FIGURE 8. Photosynthetic carbon assimilation (A), leaf transpiration (B), and stomatal conductance (C) of chili pepper infected with P. capsici inoculated with bacterial isolates. Different letters above bars indicate a statistically significant difference (P < 0.05). ∗PC is referred to P. capsici.
Bacterial Inoculation Reduced Pathogen Load of P. capsici-Infected Chili
To measure pathogen load after bacterial inoculations, P. capsici DNA was quantified by qPCR. Measurement of pathogen biomass relative to the amount of plant host DNA was avoided as this may lead to an overestimation of pathogen biomass quantified, especially toward the late stages of infection, where plant DNA degradation is often linked to plant cell death (Brouwer et al., 2003; Eshraghi et al., 2011). Similar methods have been used for quantifying human pathogens (Damen et al., 2008; Halliday et al., 2010). Bacterial inoculation led to lower pathogen loads in chili (P ≤ 0.0001). The sensitivity of the qPCR to detect small amounts of P. capsici DNA in the samples was observed (<0.001 ng). This is consistent with other studies that reported the ability to detect small amounts of Phytophthora DNA in plant tissues (Vandemark and Barker, 2003; Silvar et al., 2005). The results of the relative P. capsici DNA biomass in infected chili roots was 4.06 pg in the uninoculated control (Figure 9).
FIGURE 9. Detection and quantification of P. capsici DNA in chili plant roots using qPCR. Asterisks (∗) indicate statistically significant differences compared to the Phytophthora-infected control.
However, upon inoculation with B. amyloliquefaciens (UQ154), B. velezensis (UQ156), and Acinetobacter sp. (UQ202), the relative pathogen DNA biomass was significantly lower (0.56, 1.56, and 0.12 pg, respectively). The efficiency of bacterial antagonists on the control of P. capsici of chili pepper was evaluated (Table 3). Because the primary pathogen is soil-borne that persists in the soil; infection often starts from the roots and lower part of the stem, followed by a sudden wilting of foliage and leaves and eventually resulting in the death of the plants (Babadoost, 2005). In the P. capsici inoculated control, much more pronounced symptoms of the disease were observed, including wilting and dropping in the upper part of plants, whereas the plants treated with antagonistic bacterial strains showed a markedly reduced appearance of the symptoms. All the strains showed a similar reduction of disease severity on chili pepper plants (Table 3). We noticed higher root biomass in plants inoculated with bacterial isolates compared to uninoculated, uninfected or P. capsici-infected chili plants (Supplementary Figure S5).
TABLE 3. Effect of antagonistic bacterial isolates against P. capsici disease development on chili pepper plants.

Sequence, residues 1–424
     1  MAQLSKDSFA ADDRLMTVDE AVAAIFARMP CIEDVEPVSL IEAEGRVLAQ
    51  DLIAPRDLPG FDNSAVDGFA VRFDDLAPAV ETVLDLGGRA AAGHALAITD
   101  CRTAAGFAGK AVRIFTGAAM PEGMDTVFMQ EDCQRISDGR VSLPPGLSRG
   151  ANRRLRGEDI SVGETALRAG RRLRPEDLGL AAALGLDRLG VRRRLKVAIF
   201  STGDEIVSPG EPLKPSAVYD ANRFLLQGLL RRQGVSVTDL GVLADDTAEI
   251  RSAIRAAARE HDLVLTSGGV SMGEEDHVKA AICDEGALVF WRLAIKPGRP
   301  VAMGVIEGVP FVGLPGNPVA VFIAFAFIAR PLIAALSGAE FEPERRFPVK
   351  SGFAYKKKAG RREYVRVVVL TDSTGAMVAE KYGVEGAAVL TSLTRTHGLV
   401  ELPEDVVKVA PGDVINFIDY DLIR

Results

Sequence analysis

Isolation of Putative Anti-oomycete Bacterial Compounds
GC-MS was used to characterize the potential anti-oomycete compounds extracted in hexane, dichloromethane, and ethyl acetate. Figure 10 lists the structures of the chemical compounds found in the extracts and Figure 11 shows the total ion chromatograms of all the bacterial extracts. The dichloromethane extracts have more peaks than the other two extracts, indicating that most of the extracted compounds are polar. Using the NIST14 library, most of the peaks were identified to be DKPs. For the hexane extracts (Figures 11A,D,G), only one peak with SI > 80 was detected and identified to be 3-isopropyl-6-methylpiperazine-2,5-dione for B. amyloliquefaciens (UQ154), while it was identified as 3-isobutylhexahydropyrrolo[1,2-a]pyrazine-1,4-dione in the other two isolates. For the dichloromethane extracts (Figures 11B,E,H), five peaks with SI > 80 were detected for B. amyloliquefaciens (UQ154) and identified to be 3-butyl-6-methylpiperazine-2,5-dione, hexahydropyrrolo[1,2-a]pyrazine-1,4-dione, 3-isobutylhexahydropyrrolo[1,2-a]pyrazine-1,4-dione, 3,6-diisobutylpiperazine-2,5-dione, and 5,10-diethoxy-2,3,7,8-tetrahydro-1H,6H-dipyrrolo[1,2-a:1′,2′-d]pyrazine. In contrast, one compound, 5,10-diethoxy-2,3,7,8-tetrahydro-1H,6H-dipyrrolo[1,2-a:1′,2′-d]pyrazine, were not found in B. velezensis (UQ156) and Acinetobacter sp. (UQ202). Finally, for the ethyl acetate extracts (Figures 11C,F,I), only one peak with SI > 80 was detected in all isolates and identified to be 3-benzylhexahydropyrrolo[1,2-a]pyrazine-1,4-dione.
FIGURE 10. Chemical structures of compounds identified in the bacterial extracts: (A) 3-isopropyl-6-methylpiperazine-2,5-dione, (B) 3-butyl-6-methylpiperazine-2,5-dione, (C) hexahydropyrrolo[1,2-a]pyrazine-1,4-dione, (D) 3-isobutylhexahydropyrrolo[1,2-a]pyrazine-1,4-dione, (E) 3,6-diisobutylpiperazine-2,5-dione, (F) 5,10-diethoxy-2,3,7,8-tetrahydro-1H,6H-dipyrrolo[1,2-a:1′,2′-d]pyrazine, (G) 3-benzylhexahydropyrrolo[1,2-a]pyrazine-1,4-dione.
FIGURE 11. Total ion chromatograms of the different bacterial extracts: (A–C) B. amyloliquefaciens (UQ154), (D–F) B. velezensis (UQ156), (G–I) Acinetobacter sp. (UQ202) hexane, dichloromethane, and ethyl acetate extracts, respectively. The letters correspond to the identity of the peaks as labeled in Figure 10.